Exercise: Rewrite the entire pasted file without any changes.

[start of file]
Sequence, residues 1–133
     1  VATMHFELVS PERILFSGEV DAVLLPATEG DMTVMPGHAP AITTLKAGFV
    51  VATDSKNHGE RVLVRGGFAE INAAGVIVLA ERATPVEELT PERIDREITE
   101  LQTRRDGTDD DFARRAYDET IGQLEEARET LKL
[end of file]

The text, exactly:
Sequence, residues 1–133
     1  VATMHFELVS PERILFSGEV DAVLLPATEG DMTVMPGHAP AITTLKAGFV
    51  VATDSKNHGE RVLVRGGFAE INAAGVIVLA ERATPVEELT PERIDREITE
   101  LQTRRDGTDD DFARRAYDET IGQLEEARET LKL